To be honest, I was never exactly Carrie Bradshaw.
My shoe closet was just never THAT good! But I was single, had a fairly glamorous job, and a pretty exciting social life. I wore expensive, sexy suits with high heels to work everyday. I ran around the city hailing cabs, shopping at fabulous boutiques, getting my nails done, going for facials and dining at great restaurants. Weekend evenings were at bars and clubs filled with new, interesting and extremely unique people drinking expensive drinks and dancing to the hottest, latest music. Whether hanging out with work associates or getting together with college friends, life felt fast paced and everyday was a new adventure.
Then I got married. Things changed. Didn’t go out as much. Ate in more. Spent less time at clubs and more time at the movies. Less time with our single friends (unless we were trying to fix them up) and more time with other couples. It was an adjustment but it felt right. Like the next logical stage in maturation and human evolution.
Then we moved to the suburbs. Couldn’t even get a slice of pizza after 10pm on a Friday night. We both still worked in the city so other than the commute, things didn’t change that much. We continued to socialize with friends and work associates and simply hopped on the train when we were done.
Then I got pregnant. And EVERYTHING changed. EVERYTHING. Nothing was the same. NOTHING!! But of course, I was pregnant, euphoric, delirious, clueless and scared out of my mind. There were some books that helped me through and everyone I met on the street seemingly had advice for me. There were baby showers, baby registries, Lamaze classes, maternity clothes, shopping, and getting ready for “the baby.”
Then I gave birth. Everything changed again. And this time, there was no end in sight. After interviewing 50 or so nannies, I decided to quit my job and stay home with my infant son. It had never occurred to me that I would make that choice or be in that situation but there I was. All alone with my beautiful, demanding infant!
I was in exile. My life as I had known it and lived it seemed gone forever. We didn’t know anyone and hadn’t really made any friends in the neighborhood. Our family and friends all lived in the city. My husband still got to put on his suit and head off to the bright lights of the big city. I was alone. And scared. And overwhelmed. And stupid. And insecure. For the first time, no one seemed to have any advice for me. No one seemed to understand. No one had warned me!!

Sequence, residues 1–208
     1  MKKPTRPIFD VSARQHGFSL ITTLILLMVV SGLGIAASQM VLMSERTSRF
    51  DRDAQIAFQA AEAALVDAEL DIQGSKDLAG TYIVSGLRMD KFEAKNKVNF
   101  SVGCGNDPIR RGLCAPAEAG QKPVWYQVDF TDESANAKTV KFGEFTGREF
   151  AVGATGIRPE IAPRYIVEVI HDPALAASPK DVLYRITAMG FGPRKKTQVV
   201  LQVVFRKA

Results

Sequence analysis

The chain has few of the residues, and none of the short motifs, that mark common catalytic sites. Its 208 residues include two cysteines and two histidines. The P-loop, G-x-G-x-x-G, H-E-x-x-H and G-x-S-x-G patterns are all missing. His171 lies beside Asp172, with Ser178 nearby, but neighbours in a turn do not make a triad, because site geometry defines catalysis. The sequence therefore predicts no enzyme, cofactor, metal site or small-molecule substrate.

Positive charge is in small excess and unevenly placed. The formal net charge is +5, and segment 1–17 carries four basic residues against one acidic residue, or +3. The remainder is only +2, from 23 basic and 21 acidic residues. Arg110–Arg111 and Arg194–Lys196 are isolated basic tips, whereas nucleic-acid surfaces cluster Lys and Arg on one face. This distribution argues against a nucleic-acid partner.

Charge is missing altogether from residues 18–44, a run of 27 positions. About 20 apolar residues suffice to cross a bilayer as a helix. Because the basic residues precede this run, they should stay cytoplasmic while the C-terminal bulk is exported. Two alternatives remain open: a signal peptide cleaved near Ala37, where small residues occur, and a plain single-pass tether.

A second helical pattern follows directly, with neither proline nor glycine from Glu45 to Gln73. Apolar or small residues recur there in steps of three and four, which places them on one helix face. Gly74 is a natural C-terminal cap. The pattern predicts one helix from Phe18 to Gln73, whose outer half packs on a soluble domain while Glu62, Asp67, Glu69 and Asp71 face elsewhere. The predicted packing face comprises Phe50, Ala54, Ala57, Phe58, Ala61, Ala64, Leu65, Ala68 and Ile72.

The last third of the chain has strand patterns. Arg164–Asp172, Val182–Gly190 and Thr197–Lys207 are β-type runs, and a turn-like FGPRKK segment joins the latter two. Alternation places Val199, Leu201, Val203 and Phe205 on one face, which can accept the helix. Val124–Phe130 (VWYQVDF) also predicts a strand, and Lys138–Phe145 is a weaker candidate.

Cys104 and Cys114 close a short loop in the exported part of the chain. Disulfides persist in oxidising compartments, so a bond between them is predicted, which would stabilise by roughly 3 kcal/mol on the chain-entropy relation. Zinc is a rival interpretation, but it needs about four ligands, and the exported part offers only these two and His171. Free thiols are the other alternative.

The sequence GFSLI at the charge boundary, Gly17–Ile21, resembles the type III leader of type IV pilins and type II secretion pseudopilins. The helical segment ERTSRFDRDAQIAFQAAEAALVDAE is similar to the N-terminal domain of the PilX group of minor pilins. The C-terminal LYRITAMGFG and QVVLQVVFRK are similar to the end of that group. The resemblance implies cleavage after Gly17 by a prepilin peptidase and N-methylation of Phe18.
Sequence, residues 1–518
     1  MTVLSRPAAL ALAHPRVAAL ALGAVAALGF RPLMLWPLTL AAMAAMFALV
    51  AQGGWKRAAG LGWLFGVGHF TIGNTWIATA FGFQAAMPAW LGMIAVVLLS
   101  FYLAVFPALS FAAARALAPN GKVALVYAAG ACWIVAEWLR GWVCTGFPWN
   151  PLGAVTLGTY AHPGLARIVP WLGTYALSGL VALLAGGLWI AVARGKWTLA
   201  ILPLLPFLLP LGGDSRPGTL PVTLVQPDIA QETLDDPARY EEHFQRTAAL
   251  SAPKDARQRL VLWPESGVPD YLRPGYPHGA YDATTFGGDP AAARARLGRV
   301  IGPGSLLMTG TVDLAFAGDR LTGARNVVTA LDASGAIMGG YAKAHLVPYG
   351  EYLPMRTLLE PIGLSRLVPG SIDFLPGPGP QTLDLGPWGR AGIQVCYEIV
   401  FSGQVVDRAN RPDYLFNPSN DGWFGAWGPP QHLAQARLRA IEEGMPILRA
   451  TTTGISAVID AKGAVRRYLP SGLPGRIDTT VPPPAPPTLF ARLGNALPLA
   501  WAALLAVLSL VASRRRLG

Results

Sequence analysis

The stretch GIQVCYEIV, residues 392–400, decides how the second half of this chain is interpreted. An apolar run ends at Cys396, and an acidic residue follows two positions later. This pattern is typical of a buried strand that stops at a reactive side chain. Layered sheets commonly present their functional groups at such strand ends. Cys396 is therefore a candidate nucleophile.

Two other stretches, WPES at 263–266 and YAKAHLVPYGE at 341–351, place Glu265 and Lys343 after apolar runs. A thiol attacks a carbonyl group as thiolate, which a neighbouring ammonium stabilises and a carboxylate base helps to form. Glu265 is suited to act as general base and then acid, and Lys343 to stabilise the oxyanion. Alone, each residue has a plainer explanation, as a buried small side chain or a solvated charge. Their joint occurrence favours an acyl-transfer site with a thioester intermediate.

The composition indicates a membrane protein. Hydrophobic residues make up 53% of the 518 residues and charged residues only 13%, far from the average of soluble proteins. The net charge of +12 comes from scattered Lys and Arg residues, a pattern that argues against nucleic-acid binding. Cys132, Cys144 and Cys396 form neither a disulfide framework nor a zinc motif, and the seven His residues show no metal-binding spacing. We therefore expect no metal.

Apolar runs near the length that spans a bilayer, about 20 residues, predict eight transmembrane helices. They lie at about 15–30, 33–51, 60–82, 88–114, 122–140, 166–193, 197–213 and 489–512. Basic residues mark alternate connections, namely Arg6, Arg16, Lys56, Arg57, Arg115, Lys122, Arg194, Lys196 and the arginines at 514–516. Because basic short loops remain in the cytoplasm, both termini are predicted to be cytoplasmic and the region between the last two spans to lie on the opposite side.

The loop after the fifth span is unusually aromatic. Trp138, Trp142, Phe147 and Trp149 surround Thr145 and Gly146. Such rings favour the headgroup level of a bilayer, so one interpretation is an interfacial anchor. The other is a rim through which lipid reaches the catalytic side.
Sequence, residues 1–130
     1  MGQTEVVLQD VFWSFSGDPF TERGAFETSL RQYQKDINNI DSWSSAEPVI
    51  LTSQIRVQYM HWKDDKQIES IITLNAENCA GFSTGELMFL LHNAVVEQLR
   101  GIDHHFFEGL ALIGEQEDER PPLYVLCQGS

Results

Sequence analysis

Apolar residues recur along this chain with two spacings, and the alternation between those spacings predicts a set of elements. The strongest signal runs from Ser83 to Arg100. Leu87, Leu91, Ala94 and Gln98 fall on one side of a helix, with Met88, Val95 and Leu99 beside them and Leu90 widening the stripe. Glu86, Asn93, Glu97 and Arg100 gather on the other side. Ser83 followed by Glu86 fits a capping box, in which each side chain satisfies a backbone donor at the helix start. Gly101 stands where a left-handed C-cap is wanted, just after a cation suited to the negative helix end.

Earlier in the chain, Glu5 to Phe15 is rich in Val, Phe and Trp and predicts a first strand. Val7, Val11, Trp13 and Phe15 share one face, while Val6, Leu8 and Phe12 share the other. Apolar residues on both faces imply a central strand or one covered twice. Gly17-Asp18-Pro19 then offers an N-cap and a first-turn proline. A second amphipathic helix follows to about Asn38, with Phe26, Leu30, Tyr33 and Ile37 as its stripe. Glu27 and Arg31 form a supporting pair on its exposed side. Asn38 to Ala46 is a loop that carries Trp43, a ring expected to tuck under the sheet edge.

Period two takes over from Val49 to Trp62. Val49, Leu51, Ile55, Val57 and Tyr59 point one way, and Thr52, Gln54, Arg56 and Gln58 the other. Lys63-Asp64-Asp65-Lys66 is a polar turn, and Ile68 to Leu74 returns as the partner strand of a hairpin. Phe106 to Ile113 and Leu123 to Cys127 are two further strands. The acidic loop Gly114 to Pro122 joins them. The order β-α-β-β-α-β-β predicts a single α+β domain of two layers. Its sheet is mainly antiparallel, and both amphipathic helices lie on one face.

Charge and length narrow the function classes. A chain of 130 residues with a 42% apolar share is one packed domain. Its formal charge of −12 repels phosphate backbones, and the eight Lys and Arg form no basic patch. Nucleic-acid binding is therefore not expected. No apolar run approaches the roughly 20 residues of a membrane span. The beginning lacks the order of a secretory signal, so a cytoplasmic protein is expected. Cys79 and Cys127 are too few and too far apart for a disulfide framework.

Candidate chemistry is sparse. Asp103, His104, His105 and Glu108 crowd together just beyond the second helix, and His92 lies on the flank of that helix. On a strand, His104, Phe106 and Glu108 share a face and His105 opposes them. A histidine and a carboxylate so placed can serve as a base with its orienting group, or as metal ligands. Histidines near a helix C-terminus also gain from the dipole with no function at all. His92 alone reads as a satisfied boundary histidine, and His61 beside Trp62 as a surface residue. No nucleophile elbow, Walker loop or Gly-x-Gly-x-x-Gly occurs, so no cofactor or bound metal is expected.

One day I took the carriage and went for a walk. I wandered into the library and found what would prove to be my salvation. A mommy and me reading group. This group of moms and babies met at the library every week for a pseudo “book group.” At first, I was nervous because these people seemed so different from me. So different than who I was. Or at least who I thought I was. But slowly this group became my social circle. We got together almost everyday at parks, met for lunch, had playdates, went on day trips together. Everyone and everything seemed so foreign to me but slowly I discovered so many commonalities. We shared funny stories, advice, tips, recipes, and even some very private feelings and emotions. We finished each other’s sentences and at times, I laughed harder than I had ever laughed in my life.
These people understood me. They knew exactly what I was going through.
I don’t know how I would have gotten through that first year without that group. Although I have lost touch with many of them, I will never ever forget those angels – the women, babies and books that saved me.
Since then, there have been so many different stages and cycles. New schools, new classes, new activities, new teams, etc. But the lesson stays the same. Be open to new people and new ideas. Finding people in your life stage that can help you, who understand what you are going through, who have been there or are headed there, is absolutely critical in life. Being able to commiserate, laugh, learn and grow with others is the key to happiness.
The key to staying sane.
The feeling that you are not in this alone.
They might not be from the old neighborhood. They might not have gone to the same school. They might not have worked in the same industry. But there is a connection. An important connection that can help you get through the tough times and allow you to be connected to who you are and what you want to be.